FORUM: Why media owners use comparative advertising - Radio 3, that noted Rottweiler of the media marketplace, has been biting the ankles of Classic FM. Classic is not amused. Should we be surprised that the Radio 3 promotion at issue is blatant knocking

As 75-year-olds go, Auntie is a pretty aggressive old soul. They’re obviously putting something disagreeable in the cocoa at Broadcasting House. The BBC is not only talking tough on the world stage - aiming to take on the likes of CNN and NBC in the global news arena - but is also throwing its weight about in its own backyard. It’s continuing to use cross-promotional leverage to build its magazine empire and is making things so hot for ITV in the television market that the network is seeking protective intervention from the Independent Television Commission.

As 75-year-olds go, Auntie is a pretty aggressive old soul. They’re

obviously putting something disagreeable in the cocoa at Broadcasting

House. The BBC is not only talking tough on the world stage - aiming to

take on the likes of CNN and NBC in the global news arena - but is also

throwing its weight about in its own backyard. It’s continuing to use

cross-promotional leverage to build its magazine empire and is making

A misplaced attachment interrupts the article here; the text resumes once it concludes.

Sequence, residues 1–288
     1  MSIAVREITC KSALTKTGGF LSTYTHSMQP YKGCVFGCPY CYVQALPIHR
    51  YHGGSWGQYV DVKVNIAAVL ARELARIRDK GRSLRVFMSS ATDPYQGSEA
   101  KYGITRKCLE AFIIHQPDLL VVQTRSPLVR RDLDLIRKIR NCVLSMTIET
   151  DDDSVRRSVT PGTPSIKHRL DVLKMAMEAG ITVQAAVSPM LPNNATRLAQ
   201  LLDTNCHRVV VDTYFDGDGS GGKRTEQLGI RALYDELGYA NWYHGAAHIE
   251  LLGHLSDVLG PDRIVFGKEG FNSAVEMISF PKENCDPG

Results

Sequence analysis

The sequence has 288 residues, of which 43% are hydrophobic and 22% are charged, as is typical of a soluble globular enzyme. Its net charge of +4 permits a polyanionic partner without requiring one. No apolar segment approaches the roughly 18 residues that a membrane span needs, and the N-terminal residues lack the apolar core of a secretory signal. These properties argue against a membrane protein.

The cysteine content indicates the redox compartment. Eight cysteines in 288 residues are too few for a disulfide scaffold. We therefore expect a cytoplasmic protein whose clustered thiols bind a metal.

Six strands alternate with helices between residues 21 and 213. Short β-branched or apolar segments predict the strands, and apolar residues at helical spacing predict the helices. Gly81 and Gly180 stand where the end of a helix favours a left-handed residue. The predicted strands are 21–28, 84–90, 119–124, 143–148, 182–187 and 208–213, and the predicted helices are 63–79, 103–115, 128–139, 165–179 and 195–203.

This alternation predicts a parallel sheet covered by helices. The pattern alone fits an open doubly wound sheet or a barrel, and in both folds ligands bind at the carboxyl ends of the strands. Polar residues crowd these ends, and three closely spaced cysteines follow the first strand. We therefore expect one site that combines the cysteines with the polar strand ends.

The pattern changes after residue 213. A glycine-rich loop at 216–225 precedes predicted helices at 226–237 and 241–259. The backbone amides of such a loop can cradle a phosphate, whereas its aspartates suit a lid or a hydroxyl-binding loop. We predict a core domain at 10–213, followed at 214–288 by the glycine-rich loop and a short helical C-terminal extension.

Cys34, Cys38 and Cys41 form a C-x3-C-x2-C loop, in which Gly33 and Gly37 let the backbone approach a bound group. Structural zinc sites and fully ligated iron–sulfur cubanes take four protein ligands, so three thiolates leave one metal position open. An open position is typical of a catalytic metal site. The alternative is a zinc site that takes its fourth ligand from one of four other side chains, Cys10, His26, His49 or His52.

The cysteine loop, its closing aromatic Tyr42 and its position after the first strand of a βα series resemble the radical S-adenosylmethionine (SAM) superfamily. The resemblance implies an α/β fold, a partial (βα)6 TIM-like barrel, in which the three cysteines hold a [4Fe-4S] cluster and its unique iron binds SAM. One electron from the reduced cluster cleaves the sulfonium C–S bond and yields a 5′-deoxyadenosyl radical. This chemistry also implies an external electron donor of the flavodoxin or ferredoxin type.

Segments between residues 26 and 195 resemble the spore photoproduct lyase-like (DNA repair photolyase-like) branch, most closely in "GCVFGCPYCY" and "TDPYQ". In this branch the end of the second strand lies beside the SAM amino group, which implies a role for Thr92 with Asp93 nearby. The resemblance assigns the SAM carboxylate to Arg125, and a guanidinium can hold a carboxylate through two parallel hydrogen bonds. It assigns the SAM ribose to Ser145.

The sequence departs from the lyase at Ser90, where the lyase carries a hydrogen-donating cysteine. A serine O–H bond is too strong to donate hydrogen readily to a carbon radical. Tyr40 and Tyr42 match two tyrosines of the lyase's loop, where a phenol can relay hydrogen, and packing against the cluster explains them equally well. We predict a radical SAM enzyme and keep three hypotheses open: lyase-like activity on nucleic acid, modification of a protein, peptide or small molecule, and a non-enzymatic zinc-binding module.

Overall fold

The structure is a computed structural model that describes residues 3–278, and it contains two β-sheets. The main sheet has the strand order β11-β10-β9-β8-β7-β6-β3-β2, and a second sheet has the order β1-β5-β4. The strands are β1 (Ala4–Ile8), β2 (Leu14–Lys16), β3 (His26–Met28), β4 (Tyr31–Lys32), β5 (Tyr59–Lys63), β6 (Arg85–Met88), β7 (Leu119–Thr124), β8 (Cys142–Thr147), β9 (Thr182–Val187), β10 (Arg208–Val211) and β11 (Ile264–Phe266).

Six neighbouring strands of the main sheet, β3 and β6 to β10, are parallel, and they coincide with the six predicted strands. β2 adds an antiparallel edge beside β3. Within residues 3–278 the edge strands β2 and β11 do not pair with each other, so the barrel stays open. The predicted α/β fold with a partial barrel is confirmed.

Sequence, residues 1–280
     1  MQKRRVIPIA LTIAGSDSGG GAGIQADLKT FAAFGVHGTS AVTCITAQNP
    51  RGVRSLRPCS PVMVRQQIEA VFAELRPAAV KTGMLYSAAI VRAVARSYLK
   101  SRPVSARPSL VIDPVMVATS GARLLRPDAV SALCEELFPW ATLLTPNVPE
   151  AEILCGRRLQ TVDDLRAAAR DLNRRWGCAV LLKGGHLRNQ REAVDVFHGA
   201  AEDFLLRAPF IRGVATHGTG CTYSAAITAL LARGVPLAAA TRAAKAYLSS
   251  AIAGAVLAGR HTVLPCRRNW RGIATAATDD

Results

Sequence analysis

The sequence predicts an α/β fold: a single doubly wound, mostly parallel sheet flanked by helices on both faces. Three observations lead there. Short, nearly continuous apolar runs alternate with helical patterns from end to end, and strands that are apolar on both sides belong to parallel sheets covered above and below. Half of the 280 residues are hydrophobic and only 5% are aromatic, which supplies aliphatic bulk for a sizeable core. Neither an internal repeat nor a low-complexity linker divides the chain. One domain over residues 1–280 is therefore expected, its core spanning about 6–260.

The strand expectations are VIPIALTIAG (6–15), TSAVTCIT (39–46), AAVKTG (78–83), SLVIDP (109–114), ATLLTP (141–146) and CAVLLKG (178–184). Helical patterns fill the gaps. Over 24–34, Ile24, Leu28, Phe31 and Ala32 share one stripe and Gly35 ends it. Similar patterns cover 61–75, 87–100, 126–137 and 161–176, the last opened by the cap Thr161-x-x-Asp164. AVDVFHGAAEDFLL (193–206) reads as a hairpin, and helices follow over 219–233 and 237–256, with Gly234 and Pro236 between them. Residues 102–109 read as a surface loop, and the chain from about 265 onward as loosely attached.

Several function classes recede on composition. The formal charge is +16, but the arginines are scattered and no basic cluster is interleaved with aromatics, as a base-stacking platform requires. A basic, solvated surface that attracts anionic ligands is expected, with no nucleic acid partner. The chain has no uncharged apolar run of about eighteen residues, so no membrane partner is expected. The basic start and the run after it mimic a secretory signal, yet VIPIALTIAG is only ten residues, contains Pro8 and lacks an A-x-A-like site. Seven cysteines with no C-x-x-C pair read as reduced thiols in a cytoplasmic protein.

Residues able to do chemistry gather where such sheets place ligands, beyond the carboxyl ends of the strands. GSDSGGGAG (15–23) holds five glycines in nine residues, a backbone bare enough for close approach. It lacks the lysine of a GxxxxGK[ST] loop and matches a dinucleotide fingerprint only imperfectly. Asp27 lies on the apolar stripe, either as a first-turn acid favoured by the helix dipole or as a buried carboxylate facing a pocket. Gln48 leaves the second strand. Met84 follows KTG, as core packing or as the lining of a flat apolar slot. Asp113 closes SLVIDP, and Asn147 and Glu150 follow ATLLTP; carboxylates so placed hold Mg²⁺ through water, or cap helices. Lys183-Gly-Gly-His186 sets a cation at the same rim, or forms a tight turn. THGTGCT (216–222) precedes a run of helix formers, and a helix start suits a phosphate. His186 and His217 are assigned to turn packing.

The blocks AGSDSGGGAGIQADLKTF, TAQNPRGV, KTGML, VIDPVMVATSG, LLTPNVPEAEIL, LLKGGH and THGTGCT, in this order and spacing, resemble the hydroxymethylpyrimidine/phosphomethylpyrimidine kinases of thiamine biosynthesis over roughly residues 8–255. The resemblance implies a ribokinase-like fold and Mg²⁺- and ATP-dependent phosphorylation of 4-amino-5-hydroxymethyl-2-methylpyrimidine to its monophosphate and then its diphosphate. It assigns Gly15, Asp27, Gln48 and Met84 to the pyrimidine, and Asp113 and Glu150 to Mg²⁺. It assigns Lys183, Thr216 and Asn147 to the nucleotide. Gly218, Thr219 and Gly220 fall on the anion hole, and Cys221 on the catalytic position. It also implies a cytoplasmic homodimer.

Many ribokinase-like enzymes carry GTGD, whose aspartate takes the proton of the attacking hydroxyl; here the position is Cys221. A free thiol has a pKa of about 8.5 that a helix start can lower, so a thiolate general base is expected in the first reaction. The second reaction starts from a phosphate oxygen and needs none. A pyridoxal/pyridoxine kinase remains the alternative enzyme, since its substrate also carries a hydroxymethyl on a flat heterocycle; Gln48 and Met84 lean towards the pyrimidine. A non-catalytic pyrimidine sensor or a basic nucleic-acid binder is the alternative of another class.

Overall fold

things so hot for ITV in the television market that the network is

seeking protective intervention from the Independent Television

Commission.



Last week, Classic FM was the latest to feel aggrieved, following what

it claimed was a mauling at Auntie’s hands. Classic FM claimed a BBC

promo for Radio 3 now running is ’an obvious criticism of Classic FM and

a breach of fair advertising’.



The spot shows an actor repeating ad infinitum the ’to be or not to be’

line from Hamlet, the suggestion being that Classic only plays easily

digestible babyfood helpings of orchestral music while Radio 3, as the

promo’s endline puts it, ’gives you more than just the famous bits’.



According to Classic, not only is the BBC abusing its position as a

public service broadcaster by using its airtime to attack a commercial

rival, but is also guilty of indulging in the thoroughly ugly business

of knocking copy. A BBC statement disagrees, stating: ’This campaign is

about the brand values of Radio 3, not knocking Classic FM.’



Nonsense, is the only polite answer to that. This is surely blatant,

rather clumsy, knocking copy - although some believe that knocking copy

is, by its very nature, clumsy. That doesn’t stop media owners indulging

in it - and the media sector clearly has a worse record than most

advertising categories. The most blatant offender is the newspaper

industry, whose brawls often spill over from marketing activity into the

courts and the Houses of Parliament.



Why do media owners find knocking copy so irresistible? Does it actually

work? Surely there’s a better way? Murray Dudgeon, the managing director

of Classic FM, doesn’t want to comment directly on the Radio 3 spat, but

he does see how things can get overheated, especially when media owners

are trying to impress the advertising industry.



’It is worth bearing in mind the media market’s obsession with numbers

and performance. There is a focus on growth and competitive comparisons.

People are always fighting to show they’ve achieved what they said they

were going to.’



That is changing rapidly, Dudgeon argues. The focus of the media

community is now on more long-term strategic planning issues. ’Most

people agree the future will be all about strong media brands that have